• D&C 59:21: hand. This word points to the work of God, His activity in the world, His interruption of things by His ability to create, produce, etc. If this verse points at all to gratitude, it would seem that gratitude is a recognition of this interposition of the hand of God.
  • D&C 59:21. It is certainly significant that the question of confessing God's hand in all things comes before man's obedience. The verse seems to put an emphasis on confessing before acting, before doing. If this emphasis is justifiably read into this verse, then it might be said that foundational to obedience is the work of confession--not of sins but of God's omnipotence. If obedience is an issue of agency--of one's ability to fulfill, or not to fulfill, a commission from God--then agency itself seems to be grounded on a confession that God's hand is "in all things," that before man's "agency" is God's acting, moving, doing, accomplishing, creating, etc.
This verse, as the foregoing suggests, might thus be read as a powerful clarification of the "doctrine" of agency. This doctrine cannot be understood as a universal ability, an absolute freedom, a correlate of man's "co-eternality" with God. Agency is dependent primarily on man's subservient relation to God.
  • D&C 59:23. The Lord promises us that if we're faithful we'll receive "his reward, even peace in this world, and eternal life in the world to come." The phrase "his reward" indicates that the two items following (peace in this world and eternal life in the world to come) are two parts of the same reward. One possibility is that peace in this world comes after we receive an assurance that we will receive eternal life in the next. (On this point, see the related link about President Romney below.)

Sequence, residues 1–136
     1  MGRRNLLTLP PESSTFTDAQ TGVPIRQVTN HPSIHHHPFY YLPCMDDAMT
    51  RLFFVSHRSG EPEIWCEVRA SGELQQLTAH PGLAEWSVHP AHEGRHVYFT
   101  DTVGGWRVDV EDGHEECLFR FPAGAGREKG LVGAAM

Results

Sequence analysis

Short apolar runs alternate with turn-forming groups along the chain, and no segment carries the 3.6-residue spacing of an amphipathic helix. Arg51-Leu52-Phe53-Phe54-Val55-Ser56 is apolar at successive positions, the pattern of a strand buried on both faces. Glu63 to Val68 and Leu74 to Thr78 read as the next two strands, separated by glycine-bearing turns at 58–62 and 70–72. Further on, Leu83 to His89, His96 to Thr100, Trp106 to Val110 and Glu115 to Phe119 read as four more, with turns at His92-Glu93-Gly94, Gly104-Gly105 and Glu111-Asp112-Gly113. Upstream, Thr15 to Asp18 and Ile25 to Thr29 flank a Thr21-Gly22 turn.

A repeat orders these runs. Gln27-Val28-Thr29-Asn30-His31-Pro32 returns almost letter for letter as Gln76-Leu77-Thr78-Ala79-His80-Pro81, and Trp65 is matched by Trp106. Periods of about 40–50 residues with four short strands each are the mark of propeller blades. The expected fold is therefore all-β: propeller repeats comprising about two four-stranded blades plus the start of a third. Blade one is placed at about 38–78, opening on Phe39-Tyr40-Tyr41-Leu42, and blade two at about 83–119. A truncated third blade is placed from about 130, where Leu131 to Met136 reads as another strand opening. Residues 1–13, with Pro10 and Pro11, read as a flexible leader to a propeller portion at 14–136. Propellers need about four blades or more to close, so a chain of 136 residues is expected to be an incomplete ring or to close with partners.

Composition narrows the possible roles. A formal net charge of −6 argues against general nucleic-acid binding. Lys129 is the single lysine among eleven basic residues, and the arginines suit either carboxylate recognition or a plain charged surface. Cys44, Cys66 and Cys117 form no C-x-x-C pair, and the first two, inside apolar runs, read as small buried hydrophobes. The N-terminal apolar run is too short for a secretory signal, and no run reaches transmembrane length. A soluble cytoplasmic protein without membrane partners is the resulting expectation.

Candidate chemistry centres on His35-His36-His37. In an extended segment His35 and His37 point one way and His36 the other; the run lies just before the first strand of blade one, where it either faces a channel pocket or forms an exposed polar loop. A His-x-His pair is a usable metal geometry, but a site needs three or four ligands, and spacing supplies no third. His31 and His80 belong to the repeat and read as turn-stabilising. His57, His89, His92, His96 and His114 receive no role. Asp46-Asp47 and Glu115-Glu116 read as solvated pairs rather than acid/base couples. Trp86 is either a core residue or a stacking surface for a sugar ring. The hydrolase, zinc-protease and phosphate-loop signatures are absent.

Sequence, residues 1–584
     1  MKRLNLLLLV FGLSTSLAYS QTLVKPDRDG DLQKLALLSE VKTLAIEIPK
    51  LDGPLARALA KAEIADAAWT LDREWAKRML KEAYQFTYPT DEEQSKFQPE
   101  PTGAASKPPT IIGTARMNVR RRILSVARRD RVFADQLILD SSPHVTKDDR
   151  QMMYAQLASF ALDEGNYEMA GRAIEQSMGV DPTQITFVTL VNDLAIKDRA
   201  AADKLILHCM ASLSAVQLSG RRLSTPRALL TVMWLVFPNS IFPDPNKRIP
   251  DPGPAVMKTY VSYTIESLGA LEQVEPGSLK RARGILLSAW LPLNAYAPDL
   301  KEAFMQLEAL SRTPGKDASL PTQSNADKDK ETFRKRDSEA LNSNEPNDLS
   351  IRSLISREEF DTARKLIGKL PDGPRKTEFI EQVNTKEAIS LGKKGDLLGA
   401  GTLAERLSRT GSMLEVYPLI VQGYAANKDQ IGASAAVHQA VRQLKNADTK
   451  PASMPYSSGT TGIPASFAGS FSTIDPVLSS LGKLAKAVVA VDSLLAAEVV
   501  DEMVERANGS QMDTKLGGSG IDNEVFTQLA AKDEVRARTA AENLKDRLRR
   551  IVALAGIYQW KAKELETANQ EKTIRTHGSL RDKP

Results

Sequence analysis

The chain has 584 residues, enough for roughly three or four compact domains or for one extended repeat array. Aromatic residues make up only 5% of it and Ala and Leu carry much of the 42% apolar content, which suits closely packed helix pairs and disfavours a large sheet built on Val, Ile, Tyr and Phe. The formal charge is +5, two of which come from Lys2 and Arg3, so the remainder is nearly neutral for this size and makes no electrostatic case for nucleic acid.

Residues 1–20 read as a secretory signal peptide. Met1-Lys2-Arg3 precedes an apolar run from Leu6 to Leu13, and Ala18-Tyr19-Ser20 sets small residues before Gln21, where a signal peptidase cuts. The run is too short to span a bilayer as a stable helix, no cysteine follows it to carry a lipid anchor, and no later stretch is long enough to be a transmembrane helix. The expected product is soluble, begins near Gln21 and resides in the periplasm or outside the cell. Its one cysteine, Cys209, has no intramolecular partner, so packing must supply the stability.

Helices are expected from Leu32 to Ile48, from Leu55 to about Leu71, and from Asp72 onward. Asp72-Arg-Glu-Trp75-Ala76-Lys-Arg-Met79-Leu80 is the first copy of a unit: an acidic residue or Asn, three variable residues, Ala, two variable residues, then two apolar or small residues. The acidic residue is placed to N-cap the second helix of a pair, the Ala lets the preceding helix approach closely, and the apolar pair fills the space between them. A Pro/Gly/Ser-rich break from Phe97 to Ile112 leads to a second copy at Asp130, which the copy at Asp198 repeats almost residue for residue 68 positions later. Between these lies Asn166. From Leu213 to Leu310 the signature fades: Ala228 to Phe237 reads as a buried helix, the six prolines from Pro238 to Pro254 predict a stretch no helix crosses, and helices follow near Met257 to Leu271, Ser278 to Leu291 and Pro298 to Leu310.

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Prompts for life application[edit]

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Prompts for further study[edit]

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  • D&C 59:13-14. Why did the Lord not say simply joy or rejoicing instead of saying fasting and then indicate that joy or rejoicing is what He means in this context by fasting?
  • D&C 59:21. What does it mean to confess the Lord's hand in all things? Specifically what does it mean to confess the Lord's had in people's evil actions?
  • D&C 59:21. How do the last couple of verses about not using the earth to excess or by extortion affect how we read this verse?

Resources[edit]

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Previous editions.

  • The oldest surviving copy of D&C 59 is __.
  • D&C 59 was first published in __.
  • D&C 59 was first included in the Doctrine & Covenants in the 18__ edition.
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Related passages that interpret or shed light on D&C 59.

Doctrinal references cited on this page.

Historical references cited on this page.

Other resources.

  • D&C 59:21. See Jacob J.'s musings on this verse at the New Cool Thang blog here.
  • D&C 59:23. President Marion G. Romney spoke about verse 23 in the 1949 October conference. He explains the different between the peace the world offers, and the peace the Savior offers. And he explains what it means to have your calling and election made sure. more

Notes[edit]

Footnotes are not required but are encouraged for factual assertions that average readers cannot easily evaluate for themselves (such as the date of King Solomon’s death or the nuanced definition of a Greek word). In contrast, insights rarely benefit from footnoting, and the focus of this page should always remain on the scriptures themselves rather than what someone has said about them. Links are actively encouraged on all sections of this page, and links to authoritative sources (such as Strong's Bible Concordance or the Joseph Smith Papers) are preferable to footnotes.